FORT WORTH — TUG is a bilingual robot, giving nurses like Brooke Brumley a little extra help at Texas Health Southwest Hospital in Fort Worth.
"We're going to do the pharmacy," she explained. "We're just going to click here, and I do 'pharmacy return,' hit 'go' — and it goes."
TUG runs errands like getting meals, medications and equipment, traveling up and down elevators and through long corridors — all unattended. But once it reaches its destination, real live nurses take over.
"We still have the face-to-face interaction," said nursing director Gretchen Hunt. "What we are removing is the lost time looking for supplies, medication, equipment."
"I've wasted a lot of time going back and forth to pharmacy to get fluids," Brumley added.
One of the hospital's five TUGs will do the work for Brumley as part of a pilot program. Her full-time job now is to monitor the activity of the TUGs for all the nurses.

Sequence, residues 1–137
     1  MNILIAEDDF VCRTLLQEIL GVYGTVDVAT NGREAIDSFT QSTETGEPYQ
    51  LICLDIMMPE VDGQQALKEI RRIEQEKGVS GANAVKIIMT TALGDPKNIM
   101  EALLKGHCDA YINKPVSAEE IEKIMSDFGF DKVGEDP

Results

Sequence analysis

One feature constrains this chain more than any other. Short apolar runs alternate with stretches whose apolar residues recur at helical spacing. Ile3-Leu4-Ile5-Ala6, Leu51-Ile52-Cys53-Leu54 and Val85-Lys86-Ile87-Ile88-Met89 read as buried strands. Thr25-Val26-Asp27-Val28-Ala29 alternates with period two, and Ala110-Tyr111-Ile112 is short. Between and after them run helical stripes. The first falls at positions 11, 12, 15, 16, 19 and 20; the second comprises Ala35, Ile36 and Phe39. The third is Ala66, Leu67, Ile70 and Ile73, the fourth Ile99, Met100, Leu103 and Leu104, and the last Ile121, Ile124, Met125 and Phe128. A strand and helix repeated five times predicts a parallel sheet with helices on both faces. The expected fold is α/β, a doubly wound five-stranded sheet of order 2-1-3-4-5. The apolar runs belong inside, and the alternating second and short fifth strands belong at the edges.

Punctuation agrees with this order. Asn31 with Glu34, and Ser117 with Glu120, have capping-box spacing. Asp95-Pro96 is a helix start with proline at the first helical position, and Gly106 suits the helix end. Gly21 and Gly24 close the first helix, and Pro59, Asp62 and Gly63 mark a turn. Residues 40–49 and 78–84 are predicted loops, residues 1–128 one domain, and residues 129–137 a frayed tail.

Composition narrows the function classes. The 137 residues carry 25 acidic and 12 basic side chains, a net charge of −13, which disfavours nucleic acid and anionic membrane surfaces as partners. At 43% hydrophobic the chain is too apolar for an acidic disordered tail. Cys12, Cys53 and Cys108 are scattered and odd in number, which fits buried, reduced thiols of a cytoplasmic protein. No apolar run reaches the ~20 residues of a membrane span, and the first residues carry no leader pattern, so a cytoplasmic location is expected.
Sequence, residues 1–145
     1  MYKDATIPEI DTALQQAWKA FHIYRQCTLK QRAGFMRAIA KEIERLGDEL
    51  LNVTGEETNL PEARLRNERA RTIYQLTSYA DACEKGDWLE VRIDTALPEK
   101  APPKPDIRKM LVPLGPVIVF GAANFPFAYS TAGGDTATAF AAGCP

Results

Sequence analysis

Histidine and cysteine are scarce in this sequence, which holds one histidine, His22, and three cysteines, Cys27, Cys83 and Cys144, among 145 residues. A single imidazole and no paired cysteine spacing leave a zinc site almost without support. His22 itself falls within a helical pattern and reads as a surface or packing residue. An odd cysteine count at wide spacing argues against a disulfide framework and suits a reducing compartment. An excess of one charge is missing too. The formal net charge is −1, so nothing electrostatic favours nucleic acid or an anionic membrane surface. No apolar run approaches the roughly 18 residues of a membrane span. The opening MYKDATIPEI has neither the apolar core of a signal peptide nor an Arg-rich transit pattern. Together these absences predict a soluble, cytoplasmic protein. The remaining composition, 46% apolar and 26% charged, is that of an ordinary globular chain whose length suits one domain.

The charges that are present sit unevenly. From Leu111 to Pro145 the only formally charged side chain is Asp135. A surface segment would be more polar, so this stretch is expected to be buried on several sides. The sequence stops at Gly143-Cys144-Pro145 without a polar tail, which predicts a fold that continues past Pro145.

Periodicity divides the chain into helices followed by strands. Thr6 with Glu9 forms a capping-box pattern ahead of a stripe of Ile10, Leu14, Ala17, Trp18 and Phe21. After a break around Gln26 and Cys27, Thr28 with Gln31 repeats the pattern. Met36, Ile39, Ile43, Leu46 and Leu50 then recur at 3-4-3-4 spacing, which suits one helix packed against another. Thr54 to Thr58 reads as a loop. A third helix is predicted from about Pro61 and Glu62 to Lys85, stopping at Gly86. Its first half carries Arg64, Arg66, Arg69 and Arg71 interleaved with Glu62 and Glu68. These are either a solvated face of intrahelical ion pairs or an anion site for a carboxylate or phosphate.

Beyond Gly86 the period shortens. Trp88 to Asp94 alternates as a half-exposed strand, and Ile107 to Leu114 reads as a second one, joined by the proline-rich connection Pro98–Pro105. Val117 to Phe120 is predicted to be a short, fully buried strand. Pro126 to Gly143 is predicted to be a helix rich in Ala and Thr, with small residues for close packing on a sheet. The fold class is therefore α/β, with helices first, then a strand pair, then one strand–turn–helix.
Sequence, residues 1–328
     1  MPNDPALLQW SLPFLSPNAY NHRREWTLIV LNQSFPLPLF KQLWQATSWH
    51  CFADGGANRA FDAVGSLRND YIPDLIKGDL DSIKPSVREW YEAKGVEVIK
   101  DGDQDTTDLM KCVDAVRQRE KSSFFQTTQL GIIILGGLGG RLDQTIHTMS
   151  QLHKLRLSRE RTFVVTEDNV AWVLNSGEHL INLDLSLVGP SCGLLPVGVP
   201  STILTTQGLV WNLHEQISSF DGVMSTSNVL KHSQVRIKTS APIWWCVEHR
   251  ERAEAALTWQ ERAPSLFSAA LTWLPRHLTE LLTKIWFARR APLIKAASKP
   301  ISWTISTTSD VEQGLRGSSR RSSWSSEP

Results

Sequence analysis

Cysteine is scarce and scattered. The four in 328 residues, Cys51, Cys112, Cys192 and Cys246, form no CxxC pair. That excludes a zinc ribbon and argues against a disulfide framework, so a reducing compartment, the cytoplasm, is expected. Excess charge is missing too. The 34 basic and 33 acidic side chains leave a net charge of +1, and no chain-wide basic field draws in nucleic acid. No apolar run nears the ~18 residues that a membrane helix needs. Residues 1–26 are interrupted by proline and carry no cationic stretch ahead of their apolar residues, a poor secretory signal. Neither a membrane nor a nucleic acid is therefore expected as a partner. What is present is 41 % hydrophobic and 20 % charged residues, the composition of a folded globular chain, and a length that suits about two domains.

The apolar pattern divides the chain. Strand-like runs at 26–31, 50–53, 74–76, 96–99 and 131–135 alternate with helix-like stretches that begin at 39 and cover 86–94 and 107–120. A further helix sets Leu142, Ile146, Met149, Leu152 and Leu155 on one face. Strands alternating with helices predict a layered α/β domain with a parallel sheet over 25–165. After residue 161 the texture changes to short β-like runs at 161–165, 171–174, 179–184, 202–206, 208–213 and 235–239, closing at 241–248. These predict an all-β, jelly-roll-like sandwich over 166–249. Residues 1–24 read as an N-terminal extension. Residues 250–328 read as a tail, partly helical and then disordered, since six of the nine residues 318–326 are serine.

Cameras installed on each robot help Brumley determine if the device ever gets off track or stuck.
"If it does have something in the way, it will stop and look around," Hunt said. "It has 'whiskers' that look around to re-direct itself and return to the path it was designated on."
The hospital estimates each TUG is equal to hiring three nurses, but it comes at cost of just one.
"It's making us more efficient and relieving us of duties that are time-consuming that make us inefficient," Hunt said.
For now, the technology being used on just one floor at the hospital, but once the kinks are ironed out, the program could spread throughout the hospital — adding extra robot power to this staff.
"The goal is not to downsize people," Hunt emphasized. "The goal is to have what our patients need in a timely manner.